First published in The Times, Monday December 16 2019
Stage adaptations of The Snow Queen are a staple of the festive season, but Hans Christian Andersen’s tale of friendship overcoming adversity is almost unrecognisable in Mark Calvert’s production for Northern Stage. Even the title character (played by Elizabeth Carter) is reduced to a cameo appearance.
Laura Lindow’s adaptation locates Andersen’s simple quest tale within an enlarged canvas, lingering on the residents of Stifle-on-Sea, a buttoned-up, inward-looking community, embodied by the gruff teacher, Elsie Orr (Paula Penman). There is an interesting analogy here with Brexit Britain but it feels artificially bolted on rather than seamlessly woven into the main narrative.
Pic: Pamela Raith
We have to wait a while for the growing friendship between Gerda (Lauren Waine) and Kai (Gregor Mackay) to emerge as a focal point. Their scenes together are so endearing that you really feel the wrench of their enforced separation. In contrast, the characters Gerda encounters on her journey north, including wildlings and singing, dancing flowers, are a little underdeveloped. Carter’s characterisation of the Snow Queen as a misguided, friendless child is compelling but her appearances are frustratingly few and far between.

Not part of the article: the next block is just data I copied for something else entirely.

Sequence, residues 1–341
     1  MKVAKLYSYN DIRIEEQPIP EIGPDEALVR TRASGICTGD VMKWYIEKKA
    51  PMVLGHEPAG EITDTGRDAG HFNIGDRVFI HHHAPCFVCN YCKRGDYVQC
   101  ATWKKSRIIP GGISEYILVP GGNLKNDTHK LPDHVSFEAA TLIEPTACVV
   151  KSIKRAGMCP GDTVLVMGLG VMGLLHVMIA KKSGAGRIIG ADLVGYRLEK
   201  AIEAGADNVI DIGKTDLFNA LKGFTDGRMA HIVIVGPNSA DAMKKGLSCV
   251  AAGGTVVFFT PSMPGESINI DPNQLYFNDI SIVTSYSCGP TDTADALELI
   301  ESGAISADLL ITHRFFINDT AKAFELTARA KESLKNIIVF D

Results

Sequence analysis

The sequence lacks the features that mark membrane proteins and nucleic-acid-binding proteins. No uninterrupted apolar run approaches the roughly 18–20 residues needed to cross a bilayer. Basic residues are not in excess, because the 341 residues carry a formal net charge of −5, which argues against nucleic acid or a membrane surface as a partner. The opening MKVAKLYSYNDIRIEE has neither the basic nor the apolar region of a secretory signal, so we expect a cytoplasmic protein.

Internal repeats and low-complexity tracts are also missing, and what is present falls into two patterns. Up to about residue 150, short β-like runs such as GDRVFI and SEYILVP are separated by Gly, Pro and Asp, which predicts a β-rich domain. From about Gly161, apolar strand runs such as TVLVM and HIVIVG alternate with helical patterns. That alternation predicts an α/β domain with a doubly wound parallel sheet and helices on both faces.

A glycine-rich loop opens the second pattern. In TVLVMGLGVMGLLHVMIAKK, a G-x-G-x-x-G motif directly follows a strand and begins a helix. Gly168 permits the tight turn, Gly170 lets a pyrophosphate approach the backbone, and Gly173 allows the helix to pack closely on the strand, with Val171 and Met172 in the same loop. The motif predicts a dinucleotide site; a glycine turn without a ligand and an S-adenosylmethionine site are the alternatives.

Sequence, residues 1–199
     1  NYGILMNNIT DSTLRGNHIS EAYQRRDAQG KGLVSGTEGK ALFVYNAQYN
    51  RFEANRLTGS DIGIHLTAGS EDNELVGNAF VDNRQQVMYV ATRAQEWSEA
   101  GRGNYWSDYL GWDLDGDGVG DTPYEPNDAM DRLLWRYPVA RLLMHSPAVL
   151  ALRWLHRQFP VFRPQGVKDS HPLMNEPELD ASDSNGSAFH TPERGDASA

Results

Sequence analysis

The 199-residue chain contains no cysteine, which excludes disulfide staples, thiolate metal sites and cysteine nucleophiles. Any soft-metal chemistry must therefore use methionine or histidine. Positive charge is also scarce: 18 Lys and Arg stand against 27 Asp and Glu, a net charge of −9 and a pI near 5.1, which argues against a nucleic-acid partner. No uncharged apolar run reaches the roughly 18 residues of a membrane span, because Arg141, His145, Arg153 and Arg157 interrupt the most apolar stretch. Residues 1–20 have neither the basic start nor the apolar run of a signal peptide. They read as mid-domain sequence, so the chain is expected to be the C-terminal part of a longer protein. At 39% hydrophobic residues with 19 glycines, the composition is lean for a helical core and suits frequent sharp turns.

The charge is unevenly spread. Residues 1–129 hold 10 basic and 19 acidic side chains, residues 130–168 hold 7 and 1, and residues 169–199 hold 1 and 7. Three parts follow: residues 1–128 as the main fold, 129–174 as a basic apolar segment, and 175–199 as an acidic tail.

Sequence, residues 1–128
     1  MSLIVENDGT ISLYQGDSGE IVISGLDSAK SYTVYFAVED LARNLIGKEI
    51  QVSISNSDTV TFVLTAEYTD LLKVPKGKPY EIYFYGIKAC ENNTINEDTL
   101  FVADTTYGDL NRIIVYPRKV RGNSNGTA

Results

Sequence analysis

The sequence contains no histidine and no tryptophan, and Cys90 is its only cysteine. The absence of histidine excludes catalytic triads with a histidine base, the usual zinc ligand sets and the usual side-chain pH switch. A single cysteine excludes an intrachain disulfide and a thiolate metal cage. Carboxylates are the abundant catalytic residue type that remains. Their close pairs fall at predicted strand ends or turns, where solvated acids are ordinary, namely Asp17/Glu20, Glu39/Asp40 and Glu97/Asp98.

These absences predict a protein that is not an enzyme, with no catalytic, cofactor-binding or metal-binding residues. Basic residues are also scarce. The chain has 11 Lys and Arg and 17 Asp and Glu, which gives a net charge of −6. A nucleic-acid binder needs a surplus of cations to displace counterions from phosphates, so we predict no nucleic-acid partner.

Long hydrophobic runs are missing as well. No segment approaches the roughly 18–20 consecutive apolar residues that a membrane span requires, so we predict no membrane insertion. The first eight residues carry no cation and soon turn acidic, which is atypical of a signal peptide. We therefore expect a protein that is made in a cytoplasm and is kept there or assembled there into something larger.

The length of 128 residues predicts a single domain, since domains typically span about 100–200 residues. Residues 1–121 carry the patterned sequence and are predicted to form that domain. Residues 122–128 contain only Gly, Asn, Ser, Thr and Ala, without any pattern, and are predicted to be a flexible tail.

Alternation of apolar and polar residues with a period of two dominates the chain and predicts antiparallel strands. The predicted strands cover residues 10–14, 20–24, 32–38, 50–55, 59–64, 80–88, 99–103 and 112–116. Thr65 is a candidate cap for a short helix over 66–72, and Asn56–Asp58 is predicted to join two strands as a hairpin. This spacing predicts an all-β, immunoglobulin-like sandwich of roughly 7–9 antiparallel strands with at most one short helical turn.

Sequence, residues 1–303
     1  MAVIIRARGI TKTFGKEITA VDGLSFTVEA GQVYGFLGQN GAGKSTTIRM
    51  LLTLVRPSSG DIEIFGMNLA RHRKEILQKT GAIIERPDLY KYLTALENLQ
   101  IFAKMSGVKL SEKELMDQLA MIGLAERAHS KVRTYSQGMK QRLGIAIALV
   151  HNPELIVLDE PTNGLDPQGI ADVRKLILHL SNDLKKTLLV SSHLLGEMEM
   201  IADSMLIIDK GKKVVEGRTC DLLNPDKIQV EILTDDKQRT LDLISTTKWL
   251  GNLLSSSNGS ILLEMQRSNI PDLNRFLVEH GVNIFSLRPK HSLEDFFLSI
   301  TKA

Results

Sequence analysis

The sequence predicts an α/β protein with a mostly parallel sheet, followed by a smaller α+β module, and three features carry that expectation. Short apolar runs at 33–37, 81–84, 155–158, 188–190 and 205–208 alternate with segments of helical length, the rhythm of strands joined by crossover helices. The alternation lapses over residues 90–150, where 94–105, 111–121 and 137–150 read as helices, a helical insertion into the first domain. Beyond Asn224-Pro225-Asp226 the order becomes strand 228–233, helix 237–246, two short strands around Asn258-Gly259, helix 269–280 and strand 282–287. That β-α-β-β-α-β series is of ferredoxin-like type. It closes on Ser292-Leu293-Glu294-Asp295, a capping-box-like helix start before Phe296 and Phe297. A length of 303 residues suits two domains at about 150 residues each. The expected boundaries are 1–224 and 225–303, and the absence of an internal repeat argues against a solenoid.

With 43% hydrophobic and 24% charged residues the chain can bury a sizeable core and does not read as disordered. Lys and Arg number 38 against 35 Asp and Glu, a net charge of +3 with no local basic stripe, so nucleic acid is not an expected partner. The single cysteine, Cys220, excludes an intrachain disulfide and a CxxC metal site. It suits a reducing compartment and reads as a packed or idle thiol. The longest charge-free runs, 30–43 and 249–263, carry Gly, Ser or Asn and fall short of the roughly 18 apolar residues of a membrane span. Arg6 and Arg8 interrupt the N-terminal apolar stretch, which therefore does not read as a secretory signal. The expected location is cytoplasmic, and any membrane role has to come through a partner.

In its style, Calvert’s production is as full of beans as his 1920s-set version of A Christmas Carol from last year. Members of the ensemble whizz around the large, multi-levelled stage (designed by Rhys Jarman) on bicycles and scooters. The cast rubs shoulders with some beautifully rendered puppets, including an enormous reindeer that carries Gerda through the frozen wastes.
Pic: Pamela Raith
As is customary for a Northern Stage Christmas show, the musical numbers, composed and staged by Jeremy Bradfield with Dr G. Hannabiell Sanders, are dynamic, with the actors taking turns on an array of instruments. The big musical set pieces and visual spectacle contribute to the overall air of an epic pageant. The show is not without its charms but all the hustle and bustle does sometimes make you long for the spine-tingling atmosphere, subversive characterisation and laser-like narrative focus of Andersen’s fairy tale.